Eurovision Song Contest 1993

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Eurovision Song Contest 1993
Eurovision Song Contest 1993 logo.svg
Dates
Final date 15 May 1993
Host
Venue Green Glens Arena
Millstreet, Ireland
Presenter(s) Fionnuala Sweeney
Conductor Noel Kelehan
Executive supervisor Christian Clausen
Host broadcaster Raidió Teilifís Éireann (RTÉ)
Opening act The story of Eochaid and Étaín in Celtic mythology, transitioning into a video of rural Ireland today.
Interval act Linda Martin,
Johnny Logan
Participants
Number of entries 25
Debuting countries  Bosnia and Herzegovina
 Croatia
 Slovenia
Returning countries None
Withdrawing countries  Yugoslavia
Vote
Voting system Each country awarded 12, 10, 8–1 points to their 10 favourite songs
Nul points None
Winning song  Ireland
"In Your Eyes"
Eurovision Song Contest
◄1992 Wiki Eurovision Heart (Infobox).svg 1994►

The Eurovision Song Contest 1993 was the 38th Eurovision Song Contest and was held on 15 May 1993 in Millstreet, County Cork, Ireland. The presenter was Fionnuala Sweeney. Niamh Kavanagh was the winner of this Eurovision for Ireland with the song, "In Your Eyes". This was Ireland's fifth victory, and equalled the tally of five Eurovision victories achieved by France in 1977 and Luxembourg in 1983.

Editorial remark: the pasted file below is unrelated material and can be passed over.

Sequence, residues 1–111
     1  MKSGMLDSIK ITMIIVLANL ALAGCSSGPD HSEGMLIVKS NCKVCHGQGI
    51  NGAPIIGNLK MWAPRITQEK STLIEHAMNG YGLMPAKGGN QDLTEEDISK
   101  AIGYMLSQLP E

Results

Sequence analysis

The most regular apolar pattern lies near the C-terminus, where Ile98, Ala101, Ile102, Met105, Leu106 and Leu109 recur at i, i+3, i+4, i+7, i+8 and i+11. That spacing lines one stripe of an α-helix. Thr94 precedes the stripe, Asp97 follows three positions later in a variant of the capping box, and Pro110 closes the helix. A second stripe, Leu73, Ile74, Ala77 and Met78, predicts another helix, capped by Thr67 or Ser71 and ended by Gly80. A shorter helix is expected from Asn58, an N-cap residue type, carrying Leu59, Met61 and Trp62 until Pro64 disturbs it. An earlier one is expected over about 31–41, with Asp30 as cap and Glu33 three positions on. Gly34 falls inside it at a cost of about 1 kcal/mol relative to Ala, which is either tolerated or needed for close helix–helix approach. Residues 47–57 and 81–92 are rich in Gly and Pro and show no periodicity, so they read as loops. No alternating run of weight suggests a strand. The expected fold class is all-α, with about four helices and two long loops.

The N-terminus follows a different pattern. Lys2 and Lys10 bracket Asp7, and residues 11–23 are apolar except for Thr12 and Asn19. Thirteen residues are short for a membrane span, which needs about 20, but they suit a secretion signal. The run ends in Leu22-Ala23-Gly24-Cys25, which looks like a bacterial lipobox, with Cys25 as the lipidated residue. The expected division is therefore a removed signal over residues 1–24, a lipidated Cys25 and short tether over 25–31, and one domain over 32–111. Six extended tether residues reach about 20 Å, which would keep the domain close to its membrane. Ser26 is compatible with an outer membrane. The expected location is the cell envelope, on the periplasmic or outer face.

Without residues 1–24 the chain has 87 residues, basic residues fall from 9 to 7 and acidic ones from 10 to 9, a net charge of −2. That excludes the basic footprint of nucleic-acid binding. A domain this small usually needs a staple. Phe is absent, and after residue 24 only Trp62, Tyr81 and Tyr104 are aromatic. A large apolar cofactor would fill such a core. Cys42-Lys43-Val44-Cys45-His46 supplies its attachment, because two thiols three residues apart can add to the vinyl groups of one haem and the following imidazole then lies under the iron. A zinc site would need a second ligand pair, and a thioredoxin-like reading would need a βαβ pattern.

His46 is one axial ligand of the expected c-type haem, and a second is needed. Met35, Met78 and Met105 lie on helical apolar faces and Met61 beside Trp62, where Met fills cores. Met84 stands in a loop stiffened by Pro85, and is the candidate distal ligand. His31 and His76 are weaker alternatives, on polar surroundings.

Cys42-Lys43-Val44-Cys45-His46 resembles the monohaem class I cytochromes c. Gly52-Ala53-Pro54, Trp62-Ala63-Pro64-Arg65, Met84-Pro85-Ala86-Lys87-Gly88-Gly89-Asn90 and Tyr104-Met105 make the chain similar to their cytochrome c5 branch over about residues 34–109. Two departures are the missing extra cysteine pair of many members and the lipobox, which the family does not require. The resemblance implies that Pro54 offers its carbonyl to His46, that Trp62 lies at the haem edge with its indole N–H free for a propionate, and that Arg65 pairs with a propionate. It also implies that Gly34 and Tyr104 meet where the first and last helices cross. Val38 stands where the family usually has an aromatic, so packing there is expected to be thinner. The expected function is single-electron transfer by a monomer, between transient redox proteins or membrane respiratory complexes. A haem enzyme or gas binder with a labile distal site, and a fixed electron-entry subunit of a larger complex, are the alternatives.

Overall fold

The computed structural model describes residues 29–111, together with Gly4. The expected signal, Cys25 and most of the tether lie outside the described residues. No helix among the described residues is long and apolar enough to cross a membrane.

The location for this year's edition of the contest was unique, in that Millstreet, with a population at the time of just 1,500 people, was the smallest host town ever chosen for Eurovision, and indeed was the most remote. However, the venue, a large indoor well- equipped equestrian centre was deemed more than suitable as the location by RTÉ. With huge support from local and national authorities, plus several businesses in the region, the town's infrastructure was greatly enhanced in order to accommodate an event of this scale. It was also the largest outside broadcast ever attempted by state broadcaster RTÉ and was deemed a technical triumph for all involved. The stage was created by Alan Farquharson, who was also chief production designer two years later in Dublin.

BBC newsreader Nicholas Witchell caused controversy by remarking on the air, shortly before the contest, that it would be held "in a cowshed in Ireland."[1] He subsequently apologized.

The top two countries of this contest were the same as the top two countries in the previous year's contest, being Ireland and the United Kingdom.

Pre-qualifying round[edit]